The second factor is general decline in the stature of Parliament itself. The Speaker has become a ceremonial post, mere symbolic. Bills are passed without a second's debate in the midst of din and protest. The sort of language used, the actions of MPs... these do not inspire anybody. If this is the idea of Parliament that young people are brought up with, then democracy is not going to last very long in India. Of course, another view, a valid one, is that a powerful, centralized Parliament does not enjoy credibility in an India that demands decentralized rule. It is simply not fair if leaders in Delhi can decide the fate of any part of the country irrespective of what the majority wants.

Finally, the fall in value of debate and discussion in India, more so in the middle class. In a middle class that considers Arnab Goswami-style 'debate' as the best, which wants a simplistic solution to everything and is quick to formulate opinions without knowing too much, how can democracy hope to flourish? In a country where the mere threat of violence can lay to waste the basic fundamental rights that our founding fathers fought for, how can we expect debate and discussion to create any meaningful change? What we see here is not democracy, it is the slow demise of democracy. 

My First #Piktochart

What does the Savvy Researcher have to do with Valentine's Day? Well, on the eve of the occasion, the U of I Main Library continued its Savvy Researcher series with a workshop on Piktochart, a fun application to create infographics. Of course, given the variety of backgrounds that participants and instructors came from, the topic had to be something easy. And well, what else could it be?

While infographics do have application in engineering as a means to disseminate information to a non-technical audience (which controls the money), I will also be trying to use it on this blog more often. Enjoy!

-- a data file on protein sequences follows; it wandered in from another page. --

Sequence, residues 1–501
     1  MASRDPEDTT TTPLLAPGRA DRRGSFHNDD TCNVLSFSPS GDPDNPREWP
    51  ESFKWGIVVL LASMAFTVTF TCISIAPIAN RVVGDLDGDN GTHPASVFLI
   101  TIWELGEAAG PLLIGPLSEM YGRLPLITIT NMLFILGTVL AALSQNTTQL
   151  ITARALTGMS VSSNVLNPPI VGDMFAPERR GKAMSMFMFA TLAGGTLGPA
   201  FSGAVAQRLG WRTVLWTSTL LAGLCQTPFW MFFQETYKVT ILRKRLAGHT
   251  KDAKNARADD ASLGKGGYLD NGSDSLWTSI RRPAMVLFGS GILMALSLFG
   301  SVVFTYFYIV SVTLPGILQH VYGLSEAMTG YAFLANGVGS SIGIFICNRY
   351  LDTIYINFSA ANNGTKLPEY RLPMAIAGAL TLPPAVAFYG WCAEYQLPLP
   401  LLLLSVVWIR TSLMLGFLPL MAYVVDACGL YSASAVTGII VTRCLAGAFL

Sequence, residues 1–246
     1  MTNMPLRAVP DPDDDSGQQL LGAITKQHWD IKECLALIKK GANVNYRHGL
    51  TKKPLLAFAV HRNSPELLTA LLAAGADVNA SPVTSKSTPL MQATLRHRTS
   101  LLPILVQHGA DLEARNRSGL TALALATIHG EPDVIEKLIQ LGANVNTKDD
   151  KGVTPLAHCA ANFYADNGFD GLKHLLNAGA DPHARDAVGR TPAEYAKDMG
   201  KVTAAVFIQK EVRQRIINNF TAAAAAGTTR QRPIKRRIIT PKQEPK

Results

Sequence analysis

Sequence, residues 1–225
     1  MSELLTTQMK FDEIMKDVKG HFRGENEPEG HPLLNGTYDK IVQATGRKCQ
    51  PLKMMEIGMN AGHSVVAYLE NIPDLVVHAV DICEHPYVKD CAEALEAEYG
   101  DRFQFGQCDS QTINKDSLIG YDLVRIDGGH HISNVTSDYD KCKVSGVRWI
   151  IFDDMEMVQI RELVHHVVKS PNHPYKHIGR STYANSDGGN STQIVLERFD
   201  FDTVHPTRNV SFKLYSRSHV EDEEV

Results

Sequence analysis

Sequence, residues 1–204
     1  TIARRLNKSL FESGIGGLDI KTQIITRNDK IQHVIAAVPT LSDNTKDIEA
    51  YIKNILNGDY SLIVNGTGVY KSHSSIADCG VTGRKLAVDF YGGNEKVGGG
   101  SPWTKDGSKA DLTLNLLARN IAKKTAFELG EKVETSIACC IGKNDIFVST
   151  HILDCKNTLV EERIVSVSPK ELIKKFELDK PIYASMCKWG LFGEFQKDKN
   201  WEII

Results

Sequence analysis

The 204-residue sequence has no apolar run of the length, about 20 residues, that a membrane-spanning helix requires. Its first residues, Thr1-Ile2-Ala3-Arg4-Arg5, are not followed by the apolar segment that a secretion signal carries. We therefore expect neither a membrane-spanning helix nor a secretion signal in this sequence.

Sunday, February 9, 2014

Primaries: Good Idea, Bad Timing

Rahul Gandhi has currently set off a rare mini-revolt in his party with his primaries in a limited number of Lok Sabha constituencies. The idea, adopted from the US presumably without any study on feasibility, calls for local Congress workers, leaders and common people who become Congress members to vote for the Congress candidate in their Lok Sabha Constituency. Of course, this is opposed to the current setup in the Congress, in which the high command selects candidates behind closed doors.

OK, so Rahul Gandhi gets a lot of flak from the media. Just about everybody is laughing at him. But to be fair, this is a really good idea for Indian democracy. It has been said ad nauseum that our political parties, technically private bodies, do not have any inner-party democracy (except the Left and to an extent the BJP) and are tightly controlled by vested interests. The Congress is at the very pinnacle of that rot, with the First Family of India right at its helm. By pushing for such deep democracy in the party, Rahul is taking on a huge challenge and doing much good for India. It is one thing to hold elections for NSUI and other bodies which do not directly affect major elections and quite another to bring democracy at the very doorstep of elections.